Looking at the new Taksim, it is impossible not to be reminded of the artist Robert Smithson’s notion of ‘ruins in reverse’. The artist develops the notion in a 1967 essay in which he reflects on a day-trip into New Jersey suburbia, entitled ‘a Tour of the Monuments of Passaic‘. The buildings which the artist presents in the essay as ‘monuments’ are not magnificent statues or stately palaces. Instead, ‘the Monuments of Passaic’ for Smithson are bridges, sewage pumps, and drilling rigs, most of which are still under construction. Monuments they are, because these seemingly only infrastructural objects in effect render historically significant the suburb which is otherwise deprived of the grand events and narratives of history. Moreover, this monumentality benefits from a ruin value, albeit ‘in reverse’. For Smithson, these monuments are ‘ruins in reverse’ because they complicate the often ‘discredited idea of time’. Instead of falling into ruin after being built, according to the artist, these monuments ‘rather rise into ruin before they are built’. In other words, the seemingly never-ending construction of these large scale projects is itself the historical event which the suburb lacks.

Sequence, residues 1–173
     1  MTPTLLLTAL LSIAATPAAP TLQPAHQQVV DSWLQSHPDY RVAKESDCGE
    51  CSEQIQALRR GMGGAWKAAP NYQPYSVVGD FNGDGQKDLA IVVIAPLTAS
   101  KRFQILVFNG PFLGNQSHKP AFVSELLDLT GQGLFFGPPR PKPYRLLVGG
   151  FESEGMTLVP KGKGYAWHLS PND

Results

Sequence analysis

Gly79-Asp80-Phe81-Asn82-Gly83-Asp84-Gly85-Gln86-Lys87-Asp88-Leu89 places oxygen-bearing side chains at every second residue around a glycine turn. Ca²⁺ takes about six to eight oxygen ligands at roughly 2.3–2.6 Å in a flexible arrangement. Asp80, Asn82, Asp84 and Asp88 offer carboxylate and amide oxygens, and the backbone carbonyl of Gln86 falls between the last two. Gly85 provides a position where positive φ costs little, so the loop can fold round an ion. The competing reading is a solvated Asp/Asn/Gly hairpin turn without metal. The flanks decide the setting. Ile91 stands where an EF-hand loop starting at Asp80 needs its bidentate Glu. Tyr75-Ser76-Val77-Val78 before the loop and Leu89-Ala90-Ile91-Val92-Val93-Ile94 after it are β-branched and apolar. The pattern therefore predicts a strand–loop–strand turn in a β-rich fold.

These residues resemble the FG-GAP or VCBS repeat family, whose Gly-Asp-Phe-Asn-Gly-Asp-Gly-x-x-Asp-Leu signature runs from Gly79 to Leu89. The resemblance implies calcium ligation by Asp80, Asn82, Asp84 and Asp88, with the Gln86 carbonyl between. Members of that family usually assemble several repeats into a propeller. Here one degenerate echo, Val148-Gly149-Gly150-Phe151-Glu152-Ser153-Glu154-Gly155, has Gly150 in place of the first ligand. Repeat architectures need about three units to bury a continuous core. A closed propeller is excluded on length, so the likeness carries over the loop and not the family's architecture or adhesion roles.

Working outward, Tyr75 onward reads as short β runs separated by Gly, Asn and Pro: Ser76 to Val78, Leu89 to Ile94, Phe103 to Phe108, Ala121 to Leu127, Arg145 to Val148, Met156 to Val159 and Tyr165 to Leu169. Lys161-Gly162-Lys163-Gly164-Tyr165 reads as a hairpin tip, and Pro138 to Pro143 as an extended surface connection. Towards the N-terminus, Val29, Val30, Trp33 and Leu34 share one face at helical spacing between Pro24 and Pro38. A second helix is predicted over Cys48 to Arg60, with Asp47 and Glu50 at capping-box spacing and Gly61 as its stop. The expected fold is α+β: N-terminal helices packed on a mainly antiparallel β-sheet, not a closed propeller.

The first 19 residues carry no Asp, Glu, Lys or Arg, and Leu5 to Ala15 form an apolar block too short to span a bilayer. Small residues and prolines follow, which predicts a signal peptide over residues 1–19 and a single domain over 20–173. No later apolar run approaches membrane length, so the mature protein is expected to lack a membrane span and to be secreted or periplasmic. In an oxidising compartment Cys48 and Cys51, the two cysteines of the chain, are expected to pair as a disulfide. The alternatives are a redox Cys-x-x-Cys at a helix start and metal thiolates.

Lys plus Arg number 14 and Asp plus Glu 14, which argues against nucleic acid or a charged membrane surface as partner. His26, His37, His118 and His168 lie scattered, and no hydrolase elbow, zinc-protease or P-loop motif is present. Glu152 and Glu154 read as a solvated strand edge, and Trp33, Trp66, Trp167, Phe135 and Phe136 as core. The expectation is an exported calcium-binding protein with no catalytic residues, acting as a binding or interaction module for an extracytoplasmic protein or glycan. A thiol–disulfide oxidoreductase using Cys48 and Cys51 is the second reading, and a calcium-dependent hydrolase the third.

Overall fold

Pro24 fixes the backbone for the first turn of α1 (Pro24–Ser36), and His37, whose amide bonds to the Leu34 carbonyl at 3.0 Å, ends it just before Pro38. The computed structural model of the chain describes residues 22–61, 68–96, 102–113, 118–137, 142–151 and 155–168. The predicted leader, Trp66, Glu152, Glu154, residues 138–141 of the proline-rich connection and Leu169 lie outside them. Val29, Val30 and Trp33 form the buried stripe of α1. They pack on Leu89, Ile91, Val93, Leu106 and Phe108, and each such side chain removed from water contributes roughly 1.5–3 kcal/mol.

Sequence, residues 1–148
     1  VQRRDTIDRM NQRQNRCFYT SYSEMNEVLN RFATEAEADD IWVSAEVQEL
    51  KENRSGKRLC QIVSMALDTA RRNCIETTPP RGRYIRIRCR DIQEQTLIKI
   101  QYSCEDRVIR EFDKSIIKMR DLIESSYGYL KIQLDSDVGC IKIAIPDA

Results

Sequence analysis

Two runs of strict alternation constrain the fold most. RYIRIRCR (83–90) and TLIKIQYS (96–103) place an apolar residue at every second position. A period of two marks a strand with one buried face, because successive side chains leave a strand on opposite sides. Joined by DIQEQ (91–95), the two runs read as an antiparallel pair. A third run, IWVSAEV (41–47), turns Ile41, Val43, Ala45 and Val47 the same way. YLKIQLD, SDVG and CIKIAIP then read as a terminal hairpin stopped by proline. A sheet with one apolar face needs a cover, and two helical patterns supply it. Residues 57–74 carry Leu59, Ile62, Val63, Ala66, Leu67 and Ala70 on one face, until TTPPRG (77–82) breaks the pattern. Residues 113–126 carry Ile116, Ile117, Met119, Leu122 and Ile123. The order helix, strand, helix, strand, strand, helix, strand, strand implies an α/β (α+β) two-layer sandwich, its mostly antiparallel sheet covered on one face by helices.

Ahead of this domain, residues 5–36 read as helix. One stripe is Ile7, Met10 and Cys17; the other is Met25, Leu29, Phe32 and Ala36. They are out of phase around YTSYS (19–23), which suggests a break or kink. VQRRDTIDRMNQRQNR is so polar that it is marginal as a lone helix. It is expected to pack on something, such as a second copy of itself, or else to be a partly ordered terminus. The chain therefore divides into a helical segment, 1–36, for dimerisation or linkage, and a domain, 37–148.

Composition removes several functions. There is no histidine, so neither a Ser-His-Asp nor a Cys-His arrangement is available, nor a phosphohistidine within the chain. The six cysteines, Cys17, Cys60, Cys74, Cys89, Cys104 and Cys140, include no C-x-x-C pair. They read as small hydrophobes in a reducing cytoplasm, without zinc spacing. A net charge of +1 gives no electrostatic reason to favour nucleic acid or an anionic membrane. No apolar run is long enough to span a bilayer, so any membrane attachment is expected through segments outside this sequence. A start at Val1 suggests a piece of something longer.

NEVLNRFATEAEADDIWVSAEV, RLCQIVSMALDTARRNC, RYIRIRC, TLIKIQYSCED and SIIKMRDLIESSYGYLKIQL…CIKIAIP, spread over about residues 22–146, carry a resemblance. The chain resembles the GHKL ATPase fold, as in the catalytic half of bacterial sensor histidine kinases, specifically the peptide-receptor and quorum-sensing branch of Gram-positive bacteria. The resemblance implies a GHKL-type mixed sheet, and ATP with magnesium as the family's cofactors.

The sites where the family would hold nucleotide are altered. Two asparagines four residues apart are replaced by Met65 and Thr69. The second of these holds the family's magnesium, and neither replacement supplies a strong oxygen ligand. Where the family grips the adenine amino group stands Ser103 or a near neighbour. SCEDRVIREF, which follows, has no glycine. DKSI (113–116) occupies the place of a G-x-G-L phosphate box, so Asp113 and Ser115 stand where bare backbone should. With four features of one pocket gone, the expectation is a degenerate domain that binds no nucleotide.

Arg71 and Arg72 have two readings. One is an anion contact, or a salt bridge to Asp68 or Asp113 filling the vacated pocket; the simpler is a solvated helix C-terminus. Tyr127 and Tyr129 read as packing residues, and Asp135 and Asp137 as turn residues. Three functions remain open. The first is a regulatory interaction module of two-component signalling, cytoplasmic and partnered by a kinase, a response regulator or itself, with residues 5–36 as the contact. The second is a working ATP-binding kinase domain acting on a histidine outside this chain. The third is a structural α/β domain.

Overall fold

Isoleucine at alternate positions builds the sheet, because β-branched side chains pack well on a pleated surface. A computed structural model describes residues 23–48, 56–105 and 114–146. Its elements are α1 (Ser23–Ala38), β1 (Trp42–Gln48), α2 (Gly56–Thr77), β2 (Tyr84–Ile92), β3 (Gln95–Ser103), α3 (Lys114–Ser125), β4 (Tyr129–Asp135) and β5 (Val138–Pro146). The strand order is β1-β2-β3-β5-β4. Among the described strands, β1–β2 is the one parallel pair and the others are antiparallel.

When faced with criticism on the recently completed pedestrianization project, Turkey’s Prime Minister Tayyip Erdoğan suggested that ‘the project is only partly complete’ and called on people to ‘wait until the end,’ as ‘there is still the extra-time’ and ‘we shall continue playing’. Indeed, his government’s approach to urbanization could not have been articulated better. For, it is an approach that renders cities a continuous construction site, where ‘extra-time’ never runs out on projects that are hastily begun but lack clear direction. As ventilation shafts, guardrails and underpasses— ‘ruins in reverse’ of peripheral urbanization—make their way into Turkey’s urban heartland, such is the approach that materializes in the new Taksim Square.
*Post-script: Just after this article was written, heavy rain turned Taksim Square into a conglomeration of puddles and, a few days later, a motorcyclist lost his life in one of the underpasses in an accident.
This article was originally published in Turkish, in the 52nd issue (October 2013) of Tasarım newspaper.